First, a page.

Most people seek therapy only when they encounter physical or emotional crisis. Essential features of psychotherapy is the client therapist relationship. Clients often ask for advice and solutions to their problems.
Counsellors generally try to empower clients so that they can become self sufficient and discover solutions with guidance rather than be dependent on someone else's advice. In so doing, this helps clients to change their thinking and behaviours.
Additionally, psychotherapists may will work closely with general practitioners or psychiatrists.
Psychotherapy can help with a number of life's stresses and conflicts that can affect anyone. For example, it may help you:
Resolve conflicts with your partner or someone else in your life
Relieve anxiety or stress due to relationships at work or home
Cope with major life changes, such as divorce, the death of a loved one or the loss of a job
Learn to manage unhealthy reactions, such as road rage or passive-aggressive behavior and aggressive behaviour
Come to terms with an ongoing or serious physical health problem, such as diabetes, cancer or long-term (chronic) pain
Recover from physical or sexual abuse or witnessing violence
Cope with sexual problems, whether they're due to a physical or psychological cause
Trauma and Post-traumatic Stress Disorder refuses to be buried but denial does not work. Traumatised people alternate between feeling numb, dissociate and reliving the event.
In some cases, psychotherapy can be as effective as medications, such as antidepressants. However, depending on your specific situation, psychotherapy alone may not be enough to ease the symptoms of a mental health condition. You may also need medications or other treatments.
It is recommended that if you are taking medications you should always seek out therapy. A combination of both is far more effective than medications alone. Medication treat the symptoms and psychotherapists treat the cause.
Psychotherapists use a wide assortment of ‘Modalities’ which is the use of psychological methods and specific types of therapy, approaches and models.
Good Psychotherapists usually have a degree and possibly a masters in this area, as well as membership in suitable associations.
Psychotherapist tend to charge in the region of $100 - $150 which is significantly less than a psychologist or a psychiatrist. The reason being that clients tend to stay in therapy for longer periods to ensure lasting change. Sessions are typically 50 minutes in duration.
Psychologists are also degree qualified and many practice a form of psychological treatment called Cognitive Behavioural Therapy (CBT). This treatment often occurs over a fixed number of sessions, with a primary orientation towards treatments for Phobias, Obsessive-Compulsive Disorder (OCD) and other psychological conditions where the psychologist perceives an imbalance between the real world and their client’s perception of it. However, CBT does not suit everyone and can be limiting.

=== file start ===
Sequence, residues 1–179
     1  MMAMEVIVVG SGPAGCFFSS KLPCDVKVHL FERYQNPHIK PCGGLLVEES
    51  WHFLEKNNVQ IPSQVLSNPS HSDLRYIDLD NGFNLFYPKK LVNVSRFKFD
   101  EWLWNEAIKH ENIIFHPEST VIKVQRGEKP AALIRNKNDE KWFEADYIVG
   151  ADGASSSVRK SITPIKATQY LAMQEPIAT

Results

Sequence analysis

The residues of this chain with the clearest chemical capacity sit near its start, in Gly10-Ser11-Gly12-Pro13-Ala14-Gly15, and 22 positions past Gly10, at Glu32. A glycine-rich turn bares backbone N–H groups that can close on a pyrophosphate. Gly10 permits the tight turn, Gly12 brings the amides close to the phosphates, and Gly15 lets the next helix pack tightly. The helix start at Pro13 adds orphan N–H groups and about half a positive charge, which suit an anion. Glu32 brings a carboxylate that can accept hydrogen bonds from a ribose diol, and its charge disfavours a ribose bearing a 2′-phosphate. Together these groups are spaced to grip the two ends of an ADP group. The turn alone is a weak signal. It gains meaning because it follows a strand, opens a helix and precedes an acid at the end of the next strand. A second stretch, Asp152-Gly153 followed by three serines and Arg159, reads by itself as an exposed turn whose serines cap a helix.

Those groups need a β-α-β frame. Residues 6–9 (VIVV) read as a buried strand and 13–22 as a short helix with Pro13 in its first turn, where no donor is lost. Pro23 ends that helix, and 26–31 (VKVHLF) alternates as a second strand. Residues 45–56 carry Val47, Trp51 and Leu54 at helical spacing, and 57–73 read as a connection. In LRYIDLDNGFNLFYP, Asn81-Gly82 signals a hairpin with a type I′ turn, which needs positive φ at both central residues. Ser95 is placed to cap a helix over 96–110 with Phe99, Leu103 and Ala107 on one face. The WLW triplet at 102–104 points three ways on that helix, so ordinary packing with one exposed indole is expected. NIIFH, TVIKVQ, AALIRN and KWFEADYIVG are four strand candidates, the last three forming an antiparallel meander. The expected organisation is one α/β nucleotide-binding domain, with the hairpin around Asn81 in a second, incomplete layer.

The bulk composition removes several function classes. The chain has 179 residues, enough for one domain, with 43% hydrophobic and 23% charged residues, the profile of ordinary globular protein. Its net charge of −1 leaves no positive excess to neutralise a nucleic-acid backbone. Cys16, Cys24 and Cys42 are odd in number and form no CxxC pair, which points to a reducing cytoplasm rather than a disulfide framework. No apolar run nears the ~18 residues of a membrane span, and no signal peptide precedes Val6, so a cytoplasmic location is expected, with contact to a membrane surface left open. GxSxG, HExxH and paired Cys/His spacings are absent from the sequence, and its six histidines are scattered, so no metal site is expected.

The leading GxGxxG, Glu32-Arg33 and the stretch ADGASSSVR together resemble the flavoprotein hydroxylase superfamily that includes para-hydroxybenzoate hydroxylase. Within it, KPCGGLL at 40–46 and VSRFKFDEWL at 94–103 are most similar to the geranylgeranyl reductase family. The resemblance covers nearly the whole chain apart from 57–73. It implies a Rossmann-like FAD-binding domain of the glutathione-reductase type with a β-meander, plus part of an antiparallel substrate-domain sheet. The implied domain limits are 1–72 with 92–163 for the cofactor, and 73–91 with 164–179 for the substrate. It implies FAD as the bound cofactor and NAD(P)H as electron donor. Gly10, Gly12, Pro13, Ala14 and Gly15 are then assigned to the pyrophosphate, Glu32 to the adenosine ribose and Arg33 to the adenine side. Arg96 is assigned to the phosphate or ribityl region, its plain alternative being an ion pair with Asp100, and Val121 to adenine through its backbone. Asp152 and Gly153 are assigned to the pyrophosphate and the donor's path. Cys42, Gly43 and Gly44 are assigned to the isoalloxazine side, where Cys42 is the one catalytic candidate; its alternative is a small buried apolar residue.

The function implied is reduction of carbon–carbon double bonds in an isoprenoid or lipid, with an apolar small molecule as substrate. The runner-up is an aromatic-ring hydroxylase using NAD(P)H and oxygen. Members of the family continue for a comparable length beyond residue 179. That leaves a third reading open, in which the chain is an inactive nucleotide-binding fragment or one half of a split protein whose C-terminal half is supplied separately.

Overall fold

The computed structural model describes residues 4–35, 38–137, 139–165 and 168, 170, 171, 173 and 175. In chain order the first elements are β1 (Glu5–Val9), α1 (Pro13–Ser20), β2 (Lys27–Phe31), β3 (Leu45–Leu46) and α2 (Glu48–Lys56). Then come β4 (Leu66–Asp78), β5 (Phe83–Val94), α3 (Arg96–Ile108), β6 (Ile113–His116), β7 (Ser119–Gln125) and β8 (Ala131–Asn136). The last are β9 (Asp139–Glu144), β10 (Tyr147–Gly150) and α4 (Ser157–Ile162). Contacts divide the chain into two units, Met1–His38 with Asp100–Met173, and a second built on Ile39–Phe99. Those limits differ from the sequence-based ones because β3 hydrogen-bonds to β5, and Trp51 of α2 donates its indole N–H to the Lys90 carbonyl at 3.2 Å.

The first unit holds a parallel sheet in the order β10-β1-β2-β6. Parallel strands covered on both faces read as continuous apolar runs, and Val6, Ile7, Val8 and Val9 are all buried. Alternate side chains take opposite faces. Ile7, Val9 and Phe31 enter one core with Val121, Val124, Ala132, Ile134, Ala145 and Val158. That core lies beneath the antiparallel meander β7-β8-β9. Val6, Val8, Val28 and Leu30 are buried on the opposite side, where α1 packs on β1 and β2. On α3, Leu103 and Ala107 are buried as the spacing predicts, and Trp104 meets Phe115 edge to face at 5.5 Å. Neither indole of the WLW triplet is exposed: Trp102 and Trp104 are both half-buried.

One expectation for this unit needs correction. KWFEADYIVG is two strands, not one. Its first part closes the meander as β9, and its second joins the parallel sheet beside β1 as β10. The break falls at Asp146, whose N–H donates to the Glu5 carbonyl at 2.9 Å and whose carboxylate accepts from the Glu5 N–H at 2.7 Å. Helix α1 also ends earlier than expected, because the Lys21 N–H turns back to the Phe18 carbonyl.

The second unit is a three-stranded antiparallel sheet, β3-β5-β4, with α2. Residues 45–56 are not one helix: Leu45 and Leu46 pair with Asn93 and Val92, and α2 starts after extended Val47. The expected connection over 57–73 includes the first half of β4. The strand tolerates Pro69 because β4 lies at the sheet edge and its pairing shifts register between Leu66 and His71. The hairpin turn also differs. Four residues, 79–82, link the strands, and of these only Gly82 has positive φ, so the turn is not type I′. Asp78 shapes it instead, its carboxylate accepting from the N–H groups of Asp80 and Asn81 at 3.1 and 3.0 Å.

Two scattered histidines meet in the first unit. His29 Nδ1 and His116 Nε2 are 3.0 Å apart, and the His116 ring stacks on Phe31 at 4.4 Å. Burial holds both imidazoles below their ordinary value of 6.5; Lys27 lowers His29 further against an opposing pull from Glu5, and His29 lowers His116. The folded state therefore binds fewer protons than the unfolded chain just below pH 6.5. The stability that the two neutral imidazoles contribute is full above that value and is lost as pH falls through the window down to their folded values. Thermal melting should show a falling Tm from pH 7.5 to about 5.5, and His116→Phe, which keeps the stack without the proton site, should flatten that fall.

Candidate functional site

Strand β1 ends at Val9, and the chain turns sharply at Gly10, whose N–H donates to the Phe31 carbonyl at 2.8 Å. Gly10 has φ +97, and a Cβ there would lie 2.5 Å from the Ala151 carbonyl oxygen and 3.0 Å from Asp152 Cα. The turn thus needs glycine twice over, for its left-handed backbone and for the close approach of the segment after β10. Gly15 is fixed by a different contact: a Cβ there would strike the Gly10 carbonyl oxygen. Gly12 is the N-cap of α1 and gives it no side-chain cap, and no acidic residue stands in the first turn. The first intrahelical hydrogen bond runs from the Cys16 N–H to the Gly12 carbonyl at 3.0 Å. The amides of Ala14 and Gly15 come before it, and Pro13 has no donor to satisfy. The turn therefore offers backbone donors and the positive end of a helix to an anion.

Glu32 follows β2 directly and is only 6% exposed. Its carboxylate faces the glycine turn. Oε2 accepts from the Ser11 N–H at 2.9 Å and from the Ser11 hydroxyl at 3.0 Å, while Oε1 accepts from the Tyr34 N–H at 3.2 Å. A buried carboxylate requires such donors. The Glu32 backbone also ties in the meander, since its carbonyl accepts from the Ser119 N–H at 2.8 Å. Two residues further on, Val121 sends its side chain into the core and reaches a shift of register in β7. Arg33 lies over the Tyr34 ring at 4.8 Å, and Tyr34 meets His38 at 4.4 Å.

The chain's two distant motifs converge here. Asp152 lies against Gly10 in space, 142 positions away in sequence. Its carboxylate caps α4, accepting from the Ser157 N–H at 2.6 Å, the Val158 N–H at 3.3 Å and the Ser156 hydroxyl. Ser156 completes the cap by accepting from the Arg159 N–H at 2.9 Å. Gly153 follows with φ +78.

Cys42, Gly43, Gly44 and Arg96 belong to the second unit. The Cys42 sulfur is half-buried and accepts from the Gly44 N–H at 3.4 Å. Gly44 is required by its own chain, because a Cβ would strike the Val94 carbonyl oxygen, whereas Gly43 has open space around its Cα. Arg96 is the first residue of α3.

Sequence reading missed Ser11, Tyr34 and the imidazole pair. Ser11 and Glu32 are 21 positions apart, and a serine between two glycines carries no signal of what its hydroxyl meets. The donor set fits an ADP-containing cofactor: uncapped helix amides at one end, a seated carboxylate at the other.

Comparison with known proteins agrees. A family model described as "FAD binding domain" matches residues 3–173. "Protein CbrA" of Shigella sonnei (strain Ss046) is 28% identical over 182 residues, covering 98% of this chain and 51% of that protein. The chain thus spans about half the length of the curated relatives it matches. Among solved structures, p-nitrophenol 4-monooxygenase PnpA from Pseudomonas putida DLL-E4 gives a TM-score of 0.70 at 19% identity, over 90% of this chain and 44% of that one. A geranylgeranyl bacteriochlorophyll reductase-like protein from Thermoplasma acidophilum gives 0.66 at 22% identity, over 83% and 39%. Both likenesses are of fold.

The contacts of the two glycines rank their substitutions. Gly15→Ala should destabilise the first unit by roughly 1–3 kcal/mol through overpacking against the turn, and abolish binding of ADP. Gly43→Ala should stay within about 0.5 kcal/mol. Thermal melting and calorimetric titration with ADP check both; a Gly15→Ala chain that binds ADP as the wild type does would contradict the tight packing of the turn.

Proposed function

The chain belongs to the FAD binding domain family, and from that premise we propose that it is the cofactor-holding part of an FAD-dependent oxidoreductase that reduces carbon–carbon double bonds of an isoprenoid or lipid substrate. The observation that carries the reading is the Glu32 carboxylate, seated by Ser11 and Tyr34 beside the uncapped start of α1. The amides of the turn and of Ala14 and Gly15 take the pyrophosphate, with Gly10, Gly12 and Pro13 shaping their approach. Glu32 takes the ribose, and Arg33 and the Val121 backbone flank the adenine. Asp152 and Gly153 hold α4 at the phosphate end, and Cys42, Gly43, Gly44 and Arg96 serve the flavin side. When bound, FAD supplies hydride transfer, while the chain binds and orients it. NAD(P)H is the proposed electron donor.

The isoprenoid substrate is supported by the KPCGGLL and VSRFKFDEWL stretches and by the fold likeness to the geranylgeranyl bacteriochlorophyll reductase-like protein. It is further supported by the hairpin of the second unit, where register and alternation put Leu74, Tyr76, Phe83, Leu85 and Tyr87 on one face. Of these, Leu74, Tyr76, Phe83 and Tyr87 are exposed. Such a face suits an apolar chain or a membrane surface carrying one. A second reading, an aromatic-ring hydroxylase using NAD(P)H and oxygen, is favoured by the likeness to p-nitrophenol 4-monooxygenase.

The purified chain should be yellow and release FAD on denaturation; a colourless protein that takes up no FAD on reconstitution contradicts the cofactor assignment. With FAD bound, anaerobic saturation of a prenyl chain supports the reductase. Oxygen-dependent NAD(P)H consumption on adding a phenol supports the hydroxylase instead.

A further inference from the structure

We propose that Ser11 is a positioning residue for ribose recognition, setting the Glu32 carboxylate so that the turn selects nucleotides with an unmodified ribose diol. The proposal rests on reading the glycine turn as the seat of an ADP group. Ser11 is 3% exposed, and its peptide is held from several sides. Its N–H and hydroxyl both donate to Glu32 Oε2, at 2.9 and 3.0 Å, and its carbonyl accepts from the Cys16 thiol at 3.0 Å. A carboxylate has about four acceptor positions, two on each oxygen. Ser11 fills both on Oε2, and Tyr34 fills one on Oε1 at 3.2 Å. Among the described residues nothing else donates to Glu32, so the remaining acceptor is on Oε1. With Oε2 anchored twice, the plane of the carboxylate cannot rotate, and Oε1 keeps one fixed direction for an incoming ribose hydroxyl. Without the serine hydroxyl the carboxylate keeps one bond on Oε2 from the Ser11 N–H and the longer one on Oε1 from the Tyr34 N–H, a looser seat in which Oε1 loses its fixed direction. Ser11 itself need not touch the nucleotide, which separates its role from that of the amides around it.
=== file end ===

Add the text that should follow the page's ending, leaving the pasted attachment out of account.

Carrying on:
Psychologists are eligible to provide services under Medicare but must meet the eligibility requirements for the particular Medicare item. A person must be referred by his/her GP and placed on a ‘mental health plan’ where the individual is entitled to approximately 6 sessions with a psychologist that may be extended upon application.
The cost to you will vary depending upon the length of the session and the fee being charged by the psychologist. Psychological therapy sessions are usually greater than the Medicare rebate, so you will need to pay the difference. In some instances a psychologist may choose to bulk bill. This will vary and you should check with the psychologist before commencing your treatment. The fees for a Psychologist varies according to the individual. However it typically ranges from $190 to $220 with a medicare rebate in or around $120.
Sessions are typically 50 minutes in duration.
A psychiatrist is required to complete a medical degree prior to specialising in mental health. They also deal with people who have serious mental illnesses and those in need of hospitalisation for their condition. Once stabilised, clients may be referred to a psychologist or a psychotherapist for further treatment.
A psychiatrist can prescribe medication; a psychologist or psychotherapist cannot. A good psychiatrist will also support medicated clients with therapy but this depends on the individual psychiatrist.
A psychiatrist generally charges in the region of $350 - $450 per hour and you would typically receive a medicare rebate. The psychiatrist may also bulk bill. The rebate is is in the region of $160 unless you are treated as an inpatient where the cost may even be free. Sessions are typically 50 minutes in duration.